Walsinghame

Walsinghame

Poem by Sir Walter Ralegh

As you came from the holy land
of Walsinghame
Met you not with my true love
By the way as you came?

How shall I know your true love
That have met many one
As I went to the holy land
That have come, that have gone?

She is neither white nor brown
But as the heavens fair
There is none hath a form so divine
In the earth or the air.

Such an one did I meet, good Sir,
Such an Angelic face,
Who like a queen, like a nymph, did appear
By her gait, by her grace.

She hath left me here all alone,
All alone as unknown,
Who sometimes did me lead with her self,
And me loved as her own.

What’s the cause that she leaves you alone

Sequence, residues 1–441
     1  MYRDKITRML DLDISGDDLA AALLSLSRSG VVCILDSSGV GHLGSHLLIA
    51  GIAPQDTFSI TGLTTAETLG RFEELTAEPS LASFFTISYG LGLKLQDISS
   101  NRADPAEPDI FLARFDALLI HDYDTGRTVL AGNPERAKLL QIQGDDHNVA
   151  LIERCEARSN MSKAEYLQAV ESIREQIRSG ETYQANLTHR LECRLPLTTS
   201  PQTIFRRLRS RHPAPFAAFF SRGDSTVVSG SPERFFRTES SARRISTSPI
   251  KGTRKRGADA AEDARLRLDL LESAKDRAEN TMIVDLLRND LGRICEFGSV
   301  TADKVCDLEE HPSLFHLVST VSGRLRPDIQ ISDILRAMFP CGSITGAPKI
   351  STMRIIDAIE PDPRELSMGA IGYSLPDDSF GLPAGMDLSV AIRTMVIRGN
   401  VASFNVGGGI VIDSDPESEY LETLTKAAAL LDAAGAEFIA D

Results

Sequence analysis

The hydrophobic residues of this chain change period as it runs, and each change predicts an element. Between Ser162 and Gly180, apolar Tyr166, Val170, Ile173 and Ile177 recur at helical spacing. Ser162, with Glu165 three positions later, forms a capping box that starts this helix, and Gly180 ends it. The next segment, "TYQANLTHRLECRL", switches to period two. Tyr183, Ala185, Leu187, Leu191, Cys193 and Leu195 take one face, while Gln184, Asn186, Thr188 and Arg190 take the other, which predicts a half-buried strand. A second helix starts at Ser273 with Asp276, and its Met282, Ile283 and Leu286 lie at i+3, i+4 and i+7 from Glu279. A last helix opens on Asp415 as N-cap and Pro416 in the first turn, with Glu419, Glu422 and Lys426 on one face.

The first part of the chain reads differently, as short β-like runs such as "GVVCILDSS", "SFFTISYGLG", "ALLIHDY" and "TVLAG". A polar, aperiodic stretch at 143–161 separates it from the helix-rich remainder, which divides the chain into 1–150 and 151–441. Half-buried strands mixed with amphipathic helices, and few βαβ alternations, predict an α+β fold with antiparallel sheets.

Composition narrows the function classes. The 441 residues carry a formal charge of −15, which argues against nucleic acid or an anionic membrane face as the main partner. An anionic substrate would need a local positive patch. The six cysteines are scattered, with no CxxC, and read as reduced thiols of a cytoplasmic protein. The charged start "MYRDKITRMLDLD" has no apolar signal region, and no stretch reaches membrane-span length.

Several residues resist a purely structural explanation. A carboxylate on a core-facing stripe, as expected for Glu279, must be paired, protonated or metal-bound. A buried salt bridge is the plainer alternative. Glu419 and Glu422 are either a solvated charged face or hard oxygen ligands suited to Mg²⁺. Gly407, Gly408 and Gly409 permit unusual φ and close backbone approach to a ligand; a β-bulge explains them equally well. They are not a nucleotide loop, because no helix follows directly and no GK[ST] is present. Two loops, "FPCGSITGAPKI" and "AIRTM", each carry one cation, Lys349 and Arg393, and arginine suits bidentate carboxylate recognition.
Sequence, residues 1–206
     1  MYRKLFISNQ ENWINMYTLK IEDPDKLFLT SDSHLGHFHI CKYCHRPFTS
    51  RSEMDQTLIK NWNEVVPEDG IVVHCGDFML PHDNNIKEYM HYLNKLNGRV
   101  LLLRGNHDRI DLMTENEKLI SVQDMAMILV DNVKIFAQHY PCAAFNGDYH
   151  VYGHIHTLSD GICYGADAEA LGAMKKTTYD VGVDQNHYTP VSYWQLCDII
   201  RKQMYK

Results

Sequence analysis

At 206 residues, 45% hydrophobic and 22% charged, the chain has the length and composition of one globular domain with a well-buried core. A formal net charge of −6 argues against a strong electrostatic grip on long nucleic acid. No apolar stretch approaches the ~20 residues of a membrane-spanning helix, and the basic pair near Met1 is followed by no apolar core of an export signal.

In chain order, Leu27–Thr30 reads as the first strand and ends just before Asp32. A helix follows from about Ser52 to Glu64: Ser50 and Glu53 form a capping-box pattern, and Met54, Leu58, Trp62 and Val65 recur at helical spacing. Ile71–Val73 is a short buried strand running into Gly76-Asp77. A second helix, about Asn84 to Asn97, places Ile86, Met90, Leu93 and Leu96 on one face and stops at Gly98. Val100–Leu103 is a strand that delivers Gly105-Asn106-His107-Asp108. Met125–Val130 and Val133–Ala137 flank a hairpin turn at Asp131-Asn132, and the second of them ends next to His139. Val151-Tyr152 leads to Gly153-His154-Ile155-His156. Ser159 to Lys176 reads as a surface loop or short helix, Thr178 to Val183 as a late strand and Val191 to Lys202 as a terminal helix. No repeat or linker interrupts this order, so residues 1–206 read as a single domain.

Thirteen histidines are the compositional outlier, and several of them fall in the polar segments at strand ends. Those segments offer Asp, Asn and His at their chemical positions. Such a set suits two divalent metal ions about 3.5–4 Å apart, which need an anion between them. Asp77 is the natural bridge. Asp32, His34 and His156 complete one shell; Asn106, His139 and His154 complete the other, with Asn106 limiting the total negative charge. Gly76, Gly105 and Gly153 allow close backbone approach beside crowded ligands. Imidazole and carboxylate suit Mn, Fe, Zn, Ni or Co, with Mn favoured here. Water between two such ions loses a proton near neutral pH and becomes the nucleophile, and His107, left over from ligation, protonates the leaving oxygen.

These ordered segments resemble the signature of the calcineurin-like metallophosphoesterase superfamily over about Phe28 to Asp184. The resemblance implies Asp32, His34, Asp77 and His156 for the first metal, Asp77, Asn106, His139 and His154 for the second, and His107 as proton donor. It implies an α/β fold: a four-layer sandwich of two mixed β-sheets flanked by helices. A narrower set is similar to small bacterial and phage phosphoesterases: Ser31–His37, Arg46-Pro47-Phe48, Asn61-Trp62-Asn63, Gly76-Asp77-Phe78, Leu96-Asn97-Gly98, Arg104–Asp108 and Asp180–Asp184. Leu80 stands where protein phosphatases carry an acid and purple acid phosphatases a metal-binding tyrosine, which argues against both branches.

And a new way doth take;
Who loved you once as her own
And her joy did you make?

I have loved her all my youth,
But now old, as you see,
Love likes not the falling fruit
From the withered tree.

Know that love is a careless child
And forgets promise past,
He is blind, he is deaf when he list
And in faith never fast.

His desire is a dureless content
And a trustless joy
He is won with a world of despair
And is lost with a toy.

Of womenkind such indeed is the love
Or the word Love abused
Under which many childish desires
And conceits are excused.

But true Love is a durable fire
In the mind ever burning;
Never sick, never old, never dead,
From itself never turning.